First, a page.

Life as whitest flame

Photo of Christopher Brennan; Photography by Mitchell Library PXA47

Christopher Brennan; Photography by Mitchell Library PXA47

By Christopher Bowen OAM, Hon Fellow BMus ’75 and Annette Lemercier BA ’71

Christopher Brennan (1870-1932) was called Australia’s finest poet in his time and more recently praised for introducing une sensibilité française dans la littérature australienne, according to Simone Kadi in Christopher Brennan, poète, (Université de Nanterre 1994). He is commemorated by the Brennan Building and will be remembered in the Sydney University Graduate Choir’s December concert, for which Music Director Christopher Bowen has composed works to accompany several of his poems.
Brennan’s association with the University began in 1888 with his study of Classics and Philosophy. From 1909 he taught French and German and was Associate Professor of German and Comparative Literature from 1920-25.

While studying in Germany from 1892 to 1894 he discovered the poetry of the French Symbolists, which influenced some of his work. His brief correspondence with Mallarmé was significant, demonstrating a mutual esteem, and his 1898 tribute to Mallarmé includes a reference to L’Après-midi d’un faune.

Christopher Bowen tells of his journey with Brennan: “I first became acquainted with the poetry of Christopher Brennan in February 2009, during a memorial service for Lady Joyce Black in the Great Hall of Sydney University.

“On the last page of the order of service was a poem entitled Sweet Silence after Bells, and I was immediately struck by its beauty of language, imagery and the powerful music lying beneath the surface of the text. I set the poem to music and the work received its premiere later that year. So began my relationship with one of Australia’s finest poets and as I further explored his poetry I became increasingly astounded by its universality.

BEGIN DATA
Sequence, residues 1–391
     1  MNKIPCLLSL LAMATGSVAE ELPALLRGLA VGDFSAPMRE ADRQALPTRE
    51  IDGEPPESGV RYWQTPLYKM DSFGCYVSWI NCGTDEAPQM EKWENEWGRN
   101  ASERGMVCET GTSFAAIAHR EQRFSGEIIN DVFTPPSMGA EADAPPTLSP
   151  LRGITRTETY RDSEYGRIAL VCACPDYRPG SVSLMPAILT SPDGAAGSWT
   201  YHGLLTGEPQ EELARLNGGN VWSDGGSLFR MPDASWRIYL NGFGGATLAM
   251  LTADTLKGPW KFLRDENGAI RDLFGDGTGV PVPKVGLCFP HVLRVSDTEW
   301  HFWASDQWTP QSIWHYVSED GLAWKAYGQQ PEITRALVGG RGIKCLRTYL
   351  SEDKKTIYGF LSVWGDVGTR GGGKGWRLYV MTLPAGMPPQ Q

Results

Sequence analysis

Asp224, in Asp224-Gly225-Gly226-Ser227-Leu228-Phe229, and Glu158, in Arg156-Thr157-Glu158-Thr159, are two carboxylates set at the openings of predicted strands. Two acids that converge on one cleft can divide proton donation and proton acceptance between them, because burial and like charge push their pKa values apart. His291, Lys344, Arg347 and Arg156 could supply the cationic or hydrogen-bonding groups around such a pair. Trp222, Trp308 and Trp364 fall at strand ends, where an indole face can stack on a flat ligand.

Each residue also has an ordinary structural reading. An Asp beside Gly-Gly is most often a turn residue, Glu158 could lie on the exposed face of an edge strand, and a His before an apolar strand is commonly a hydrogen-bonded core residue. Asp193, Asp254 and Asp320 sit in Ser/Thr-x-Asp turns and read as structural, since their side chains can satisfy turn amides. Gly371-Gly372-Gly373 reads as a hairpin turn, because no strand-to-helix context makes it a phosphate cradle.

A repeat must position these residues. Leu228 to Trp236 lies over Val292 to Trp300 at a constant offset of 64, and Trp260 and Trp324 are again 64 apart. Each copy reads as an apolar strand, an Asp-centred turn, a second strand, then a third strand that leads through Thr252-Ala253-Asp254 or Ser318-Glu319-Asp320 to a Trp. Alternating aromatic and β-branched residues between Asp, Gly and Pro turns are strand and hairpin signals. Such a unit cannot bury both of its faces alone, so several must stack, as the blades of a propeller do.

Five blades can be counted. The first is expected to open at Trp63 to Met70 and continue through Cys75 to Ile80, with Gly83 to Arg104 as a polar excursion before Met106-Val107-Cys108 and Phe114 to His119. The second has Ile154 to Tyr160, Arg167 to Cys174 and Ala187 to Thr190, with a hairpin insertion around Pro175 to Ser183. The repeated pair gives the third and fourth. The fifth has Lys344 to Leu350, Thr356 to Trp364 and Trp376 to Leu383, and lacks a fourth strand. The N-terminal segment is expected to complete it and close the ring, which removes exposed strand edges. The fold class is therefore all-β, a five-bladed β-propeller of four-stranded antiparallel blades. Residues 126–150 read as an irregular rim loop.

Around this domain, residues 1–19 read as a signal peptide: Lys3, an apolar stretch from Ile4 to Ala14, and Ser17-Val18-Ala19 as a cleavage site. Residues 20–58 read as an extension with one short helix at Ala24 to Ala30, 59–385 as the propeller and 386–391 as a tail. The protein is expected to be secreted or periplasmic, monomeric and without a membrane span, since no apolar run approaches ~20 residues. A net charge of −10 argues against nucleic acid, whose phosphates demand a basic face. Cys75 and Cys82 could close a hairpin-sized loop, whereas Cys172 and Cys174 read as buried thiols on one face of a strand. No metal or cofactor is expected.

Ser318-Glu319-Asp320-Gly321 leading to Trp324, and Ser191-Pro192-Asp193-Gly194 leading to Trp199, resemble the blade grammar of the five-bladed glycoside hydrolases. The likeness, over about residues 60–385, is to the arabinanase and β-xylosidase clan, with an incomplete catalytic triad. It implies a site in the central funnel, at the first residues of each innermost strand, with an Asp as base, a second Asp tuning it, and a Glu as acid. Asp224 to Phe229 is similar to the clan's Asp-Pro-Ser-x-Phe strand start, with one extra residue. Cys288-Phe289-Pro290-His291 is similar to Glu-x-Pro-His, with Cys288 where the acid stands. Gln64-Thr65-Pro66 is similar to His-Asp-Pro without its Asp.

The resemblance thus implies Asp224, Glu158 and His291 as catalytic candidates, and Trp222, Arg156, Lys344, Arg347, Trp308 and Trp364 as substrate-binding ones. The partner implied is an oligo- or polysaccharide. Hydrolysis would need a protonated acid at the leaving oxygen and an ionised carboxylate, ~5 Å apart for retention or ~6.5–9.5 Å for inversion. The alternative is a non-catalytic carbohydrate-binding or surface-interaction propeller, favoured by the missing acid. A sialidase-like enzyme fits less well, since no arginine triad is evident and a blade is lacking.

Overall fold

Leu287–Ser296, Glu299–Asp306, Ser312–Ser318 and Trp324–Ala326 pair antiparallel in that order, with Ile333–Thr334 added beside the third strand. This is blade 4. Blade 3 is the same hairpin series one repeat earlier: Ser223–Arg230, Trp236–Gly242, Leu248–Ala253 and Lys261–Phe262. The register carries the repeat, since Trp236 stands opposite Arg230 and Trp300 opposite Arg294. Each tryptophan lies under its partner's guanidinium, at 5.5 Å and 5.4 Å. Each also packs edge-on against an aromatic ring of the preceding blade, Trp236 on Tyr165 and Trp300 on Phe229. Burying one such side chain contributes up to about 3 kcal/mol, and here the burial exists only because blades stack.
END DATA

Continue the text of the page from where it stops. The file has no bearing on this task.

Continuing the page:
“I am moved by the music within his words, by their alliterations, their subtle rhythms and phrases that describe emotions in such a tender and profound manner. Such beguiling lines as ‘I am so deep in day, I am shut out of mine own heart’ and ‘My heart was wandering in the sands’ lead the reader into a subterranean world which never loses contact with reality; and it this resulting tension that attracts my musical instincts and provokes the creative juices.

“For me, as a composer, a poem must not only invite interpretation of the text through the intellect but be able to involve the senses through its colour and atmosphere. One has to feel its text, taste its language and absorb its essence.

“I experience these qualities in Brennan’s poetry and to merely evaluate his worth as a poet within the confines of the Antipodes is a grave injustice to a man who deserves greater recognition.”

I saw my life as whitest flame
light-leaping in a crystal sky,
and virgin colour where it came
pass’d to its heart, in love to die.
It wrapped the world in tender harm
rose-flower’d with one ecstatic pang:
God walk’d amid the hush’d alarm,
and all the trembling region rang
music, whose silver veils dispart
around the carven silences
Memnonian in the hidden heart-
now blithe, effulgurant majesties.


Towards the Source: 13 (1897)

For performance details: see Diary pages